Daley said the trade pleased him no end. Despite claiming in 1960 that he was relieved he was staying with the Athletics, he said everybody on the team wanted to be traded to the Yankees, and he was no different. He made an inauspicious debut with the Yankees on June 17. New York was in a tight pennant race in third place in the American League. He started against the first-place Tigers opposite former Indians teammate Don Mossi. New York lost 12-10, and Daley was the losing pitcher. He pitched just 1⅓ innings and gave up six hits and seven runs. Daley’s second start as a Yankee, on June 21, was much better. Pitching against his old teammates in Kansas City, he gave up just three runs in 8⅔ innings and was a 5-3 winner over the Athletics. He and his erstwhile teammates had little to say to each other. “I was real glad to see I pitched halfway decent against them, anyway,” Daley said.

After losing to the Los Angeles Angels in his next start, Daley tossed three straight starts that were his best as a Yankee during the regular season. On July 2 he pitched into the ninth inning of a 13-4 win against the Washington Senators, with seven strikeouts. In his next outing, a 14-3 blowout against the Red Sox, he pitched a complete game. Nine days later, he blanked the Orioles on four hits in a 2-1 complete-game victory.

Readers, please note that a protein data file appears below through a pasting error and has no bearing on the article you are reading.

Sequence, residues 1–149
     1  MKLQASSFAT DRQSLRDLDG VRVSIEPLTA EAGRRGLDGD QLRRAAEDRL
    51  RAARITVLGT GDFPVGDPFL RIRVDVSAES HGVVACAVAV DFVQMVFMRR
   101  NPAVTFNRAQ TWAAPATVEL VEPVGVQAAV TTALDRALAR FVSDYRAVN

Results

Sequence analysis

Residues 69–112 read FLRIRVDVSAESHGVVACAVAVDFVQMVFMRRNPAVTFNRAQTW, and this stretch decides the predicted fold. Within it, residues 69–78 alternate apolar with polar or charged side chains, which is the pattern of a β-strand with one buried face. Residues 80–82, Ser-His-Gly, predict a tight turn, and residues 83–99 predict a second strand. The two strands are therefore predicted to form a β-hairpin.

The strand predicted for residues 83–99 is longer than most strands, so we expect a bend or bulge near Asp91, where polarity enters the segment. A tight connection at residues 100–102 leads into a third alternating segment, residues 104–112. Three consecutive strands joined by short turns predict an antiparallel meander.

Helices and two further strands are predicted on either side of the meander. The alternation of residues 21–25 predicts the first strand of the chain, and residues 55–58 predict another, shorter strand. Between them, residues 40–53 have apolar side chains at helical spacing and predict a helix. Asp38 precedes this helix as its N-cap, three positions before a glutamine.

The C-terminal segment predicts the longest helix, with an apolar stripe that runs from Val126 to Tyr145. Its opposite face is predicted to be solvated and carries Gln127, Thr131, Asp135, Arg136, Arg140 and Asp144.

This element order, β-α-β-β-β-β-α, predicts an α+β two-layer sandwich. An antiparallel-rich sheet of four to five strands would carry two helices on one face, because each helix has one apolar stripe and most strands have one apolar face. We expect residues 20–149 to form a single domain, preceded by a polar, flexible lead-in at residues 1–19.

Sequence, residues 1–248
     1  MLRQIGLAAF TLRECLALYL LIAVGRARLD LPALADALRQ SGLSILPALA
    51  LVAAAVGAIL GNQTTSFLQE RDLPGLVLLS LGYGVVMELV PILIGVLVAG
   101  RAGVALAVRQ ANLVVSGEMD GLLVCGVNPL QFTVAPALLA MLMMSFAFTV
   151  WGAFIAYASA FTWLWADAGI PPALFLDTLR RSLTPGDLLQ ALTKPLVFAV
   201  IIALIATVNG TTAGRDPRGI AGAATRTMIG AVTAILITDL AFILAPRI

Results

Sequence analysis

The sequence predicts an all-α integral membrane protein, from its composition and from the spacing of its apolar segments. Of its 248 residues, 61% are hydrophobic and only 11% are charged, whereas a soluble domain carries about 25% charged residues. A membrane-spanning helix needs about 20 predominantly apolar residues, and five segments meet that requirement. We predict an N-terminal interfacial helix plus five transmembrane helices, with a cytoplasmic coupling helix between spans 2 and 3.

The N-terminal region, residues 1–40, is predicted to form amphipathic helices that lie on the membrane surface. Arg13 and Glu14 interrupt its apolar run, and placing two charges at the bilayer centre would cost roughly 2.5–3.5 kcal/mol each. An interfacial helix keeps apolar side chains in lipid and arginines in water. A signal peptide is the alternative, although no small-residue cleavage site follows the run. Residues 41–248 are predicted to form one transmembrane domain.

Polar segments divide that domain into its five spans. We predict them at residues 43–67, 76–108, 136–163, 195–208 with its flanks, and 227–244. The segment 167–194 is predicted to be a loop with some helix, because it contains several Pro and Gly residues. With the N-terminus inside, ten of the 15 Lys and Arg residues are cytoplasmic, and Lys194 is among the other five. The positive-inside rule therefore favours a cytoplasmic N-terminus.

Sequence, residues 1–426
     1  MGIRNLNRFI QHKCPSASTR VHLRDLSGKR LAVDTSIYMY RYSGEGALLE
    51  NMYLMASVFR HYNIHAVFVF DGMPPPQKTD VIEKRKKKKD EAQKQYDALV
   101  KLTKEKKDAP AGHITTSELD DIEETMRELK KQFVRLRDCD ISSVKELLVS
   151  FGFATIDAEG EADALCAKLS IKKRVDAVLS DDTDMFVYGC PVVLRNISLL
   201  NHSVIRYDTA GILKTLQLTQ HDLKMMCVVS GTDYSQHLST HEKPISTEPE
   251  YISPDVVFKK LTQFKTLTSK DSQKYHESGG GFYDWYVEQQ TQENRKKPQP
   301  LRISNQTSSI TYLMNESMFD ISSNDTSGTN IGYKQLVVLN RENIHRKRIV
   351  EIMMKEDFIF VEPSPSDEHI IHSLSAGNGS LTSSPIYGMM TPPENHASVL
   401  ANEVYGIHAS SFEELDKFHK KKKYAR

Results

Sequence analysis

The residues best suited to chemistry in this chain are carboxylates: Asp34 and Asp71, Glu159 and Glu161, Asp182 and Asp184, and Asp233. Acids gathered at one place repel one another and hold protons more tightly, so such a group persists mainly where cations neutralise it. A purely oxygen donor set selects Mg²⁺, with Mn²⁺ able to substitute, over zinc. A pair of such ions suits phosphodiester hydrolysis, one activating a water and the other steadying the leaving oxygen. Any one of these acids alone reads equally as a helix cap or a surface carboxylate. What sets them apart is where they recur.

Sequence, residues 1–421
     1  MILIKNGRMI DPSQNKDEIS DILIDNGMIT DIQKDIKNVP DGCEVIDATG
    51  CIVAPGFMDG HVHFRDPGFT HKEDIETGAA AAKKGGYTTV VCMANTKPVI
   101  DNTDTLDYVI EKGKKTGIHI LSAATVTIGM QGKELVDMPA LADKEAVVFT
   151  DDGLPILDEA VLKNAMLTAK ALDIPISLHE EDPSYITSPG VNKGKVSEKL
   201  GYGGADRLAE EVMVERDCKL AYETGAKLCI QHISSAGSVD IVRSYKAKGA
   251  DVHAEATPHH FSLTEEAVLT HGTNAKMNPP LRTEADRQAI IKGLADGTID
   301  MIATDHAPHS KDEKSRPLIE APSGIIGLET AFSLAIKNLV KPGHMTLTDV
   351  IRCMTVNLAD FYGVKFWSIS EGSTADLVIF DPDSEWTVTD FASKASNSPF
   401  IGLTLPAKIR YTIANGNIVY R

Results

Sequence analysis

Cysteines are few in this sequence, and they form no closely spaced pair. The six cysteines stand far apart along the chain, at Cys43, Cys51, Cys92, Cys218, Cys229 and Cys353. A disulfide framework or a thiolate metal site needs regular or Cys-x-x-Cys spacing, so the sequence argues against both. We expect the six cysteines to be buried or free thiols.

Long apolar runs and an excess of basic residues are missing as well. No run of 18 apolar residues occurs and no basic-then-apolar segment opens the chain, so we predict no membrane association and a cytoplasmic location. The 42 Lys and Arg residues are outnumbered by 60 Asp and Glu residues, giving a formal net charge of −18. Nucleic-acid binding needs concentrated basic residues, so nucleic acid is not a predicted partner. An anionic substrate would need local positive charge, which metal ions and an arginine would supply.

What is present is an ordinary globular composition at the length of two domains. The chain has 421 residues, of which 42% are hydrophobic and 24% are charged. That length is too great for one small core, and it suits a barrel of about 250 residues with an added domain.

The good times, at least for the immediate future, did not last. From July 19 through August 13 he lost six out of seven decisions, putting his record at 9-16 and costing him his place in the Yankees pitching rotation for three weeks.

But if August of 1961 was a rough month for Daley, September was recovery time. He went 3-1 in four starts from September 4 through 19. All three of his wins were complete games and the Yankees kept on rolling. The Yankees clinched the pennant on the 20th and were going to the World Series for the 26th time in franchise history.

In 1962 Daley pitched in 43 games but started only six of them. He was 7-5 record with a 3.59 ERA. “’62 was a year that I pitched really, really well for them,” Daley said. “But most of it was in relief, which was fine. … Of course, you want to start, but you don’t mind.” The Yankees won the pennant again and toppled the San Francisco Giants in the World Series. In contrast to his heroics in the ’61 Series, his only action in 1962 was a scoreless bottom of the eighth in Game Two in San Francisco, which the Giants won, 2-0. In the deciding seventh game, Daley and Bill Stafford were warming up in the bullpen as Ralph Terry struggled.

“(Terry) got men on second and third with two outs and McCovey was the hitter and (we) were warming up in the bullpen,” Daley said. “[Manager] Ralph Houk went out to the mound and I thought, ‘Oh my God, he’s going to bring me in to pitch’ because we were ahead just 1-0 but Terry talked him out of it, thank goodness, and Terry got [Willie] McCovey out with a line drive to second base.